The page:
“Eight years ago, I was in that green room wondering if there was a team willing to take a chance on me. … (And) as I got on that plane in Detroit (en route to Green Bay) and it was snowing on April 24, 2005, I didn’t know exactly what I was in for,” Rodgers recalled Friday. “I remember a great conversation I had with (then-Packers linebacker) Na’il Diggs (on the plane), and (how) the excitement started to grow when I got to the facility when I saw some of the trophies and the names on the stadium.
“This is a special place to play. You look on the walls around the facility, as I was walking around a few minutes ago, and realize you’re among greatest. There have been a lot of players who have come before you and allowed you to have this kind of opportunity that we all have and I have. It’s fun to be a part of a special organization like that with an incredible fan base.
“The relationship with my teammates is very important to me. I think respect is something that’s very hard to get from all the guys, but it takes your character being tested at times and you playing well on the field. I think I’ve done those things and the guys respect me. I’m one of the older guys now. I’m not the oldest yet, but (I’m) the longest-tenured Packer now and it’s an interesting position to be in. I’ve seen a lot of friends go to other places and you realize how special this place is when you hear some of the stories from those guys. And you also realize how short this period is in our lives and you make the most of those relationships.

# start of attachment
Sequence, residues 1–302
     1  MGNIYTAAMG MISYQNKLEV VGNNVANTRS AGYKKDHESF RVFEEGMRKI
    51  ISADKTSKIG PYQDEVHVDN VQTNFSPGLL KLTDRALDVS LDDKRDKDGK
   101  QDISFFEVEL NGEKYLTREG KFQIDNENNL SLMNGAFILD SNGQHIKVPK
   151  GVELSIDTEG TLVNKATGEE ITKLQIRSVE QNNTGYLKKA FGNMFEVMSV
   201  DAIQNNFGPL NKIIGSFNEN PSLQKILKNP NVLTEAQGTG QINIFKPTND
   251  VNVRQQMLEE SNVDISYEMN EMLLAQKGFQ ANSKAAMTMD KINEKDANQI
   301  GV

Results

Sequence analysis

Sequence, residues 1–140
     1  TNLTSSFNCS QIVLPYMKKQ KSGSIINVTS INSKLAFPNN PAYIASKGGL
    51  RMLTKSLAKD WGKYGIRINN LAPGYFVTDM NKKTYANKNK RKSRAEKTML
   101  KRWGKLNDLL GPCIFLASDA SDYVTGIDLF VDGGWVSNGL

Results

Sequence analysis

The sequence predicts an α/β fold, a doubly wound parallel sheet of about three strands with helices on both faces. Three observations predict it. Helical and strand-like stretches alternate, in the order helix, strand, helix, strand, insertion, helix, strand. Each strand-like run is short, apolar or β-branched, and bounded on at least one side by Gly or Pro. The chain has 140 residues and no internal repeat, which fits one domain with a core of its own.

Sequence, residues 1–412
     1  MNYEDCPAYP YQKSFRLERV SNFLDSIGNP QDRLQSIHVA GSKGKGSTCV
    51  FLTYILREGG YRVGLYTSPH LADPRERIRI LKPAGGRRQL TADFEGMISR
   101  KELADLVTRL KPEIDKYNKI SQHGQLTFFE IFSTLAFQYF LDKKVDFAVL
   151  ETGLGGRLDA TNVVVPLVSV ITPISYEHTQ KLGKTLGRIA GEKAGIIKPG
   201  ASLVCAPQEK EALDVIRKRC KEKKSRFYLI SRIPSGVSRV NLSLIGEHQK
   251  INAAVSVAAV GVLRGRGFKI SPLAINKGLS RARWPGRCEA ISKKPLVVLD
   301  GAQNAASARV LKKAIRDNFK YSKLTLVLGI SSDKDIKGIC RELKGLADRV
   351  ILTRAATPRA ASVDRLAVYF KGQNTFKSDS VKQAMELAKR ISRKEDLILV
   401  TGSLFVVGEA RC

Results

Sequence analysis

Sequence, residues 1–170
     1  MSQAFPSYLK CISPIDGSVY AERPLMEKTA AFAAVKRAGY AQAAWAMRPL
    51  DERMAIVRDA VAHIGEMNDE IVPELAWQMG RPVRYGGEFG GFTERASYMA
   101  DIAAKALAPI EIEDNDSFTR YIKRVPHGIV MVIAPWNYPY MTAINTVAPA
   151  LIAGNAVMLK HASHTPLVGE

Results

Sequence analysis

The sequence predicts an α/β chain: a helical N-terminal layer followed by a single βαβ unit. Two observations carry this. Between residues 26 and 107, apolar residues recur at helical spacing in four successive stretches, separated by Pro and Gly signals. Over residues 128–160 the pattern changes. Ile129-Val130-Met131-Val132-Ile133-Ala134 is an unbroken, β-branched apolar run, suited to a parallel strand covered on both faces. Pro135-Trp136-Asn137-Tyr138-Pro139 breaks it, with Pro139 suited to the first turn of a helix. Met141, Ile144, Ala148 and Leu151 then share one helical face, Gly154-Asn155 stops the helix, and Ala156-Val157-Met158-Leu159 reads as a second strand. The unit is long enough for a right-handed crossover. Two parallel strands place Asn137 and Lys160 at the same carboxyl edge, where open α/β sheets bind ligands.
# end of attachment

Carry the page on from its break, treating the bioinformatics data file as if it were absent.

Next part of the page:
“It’s kind of ironic eight years ago, the Packers took a chance on me this weekend, took a chance on me again in 2008 after seven games. I’m excited to know my future is here and I’ll be here for a lot longer.
“Obviously (being) from the West Coast, I’ve spent eight great years here and learned a lot about myself and enjoyed my time here. But for me it’s about the responsibility that comes with the opportunity I’ve been given and try to make the most of it.”
There’s little question that Rodgers has made the most of his opportunities so far.
“I think Aaron has proven himself to be a very fine quarterback, a very fine leader,” general manager Ted Thompson said after the second day of the draft ended. “The Green Bay Packers and the Packer fans have been very lucky to have Aaron Rodgers come in here and do the job he has following the legend in Brett Favre. To have those two guys for your two quarterbacks for that long of time is a remarkable thing and the record, I think, is a reflection of that.”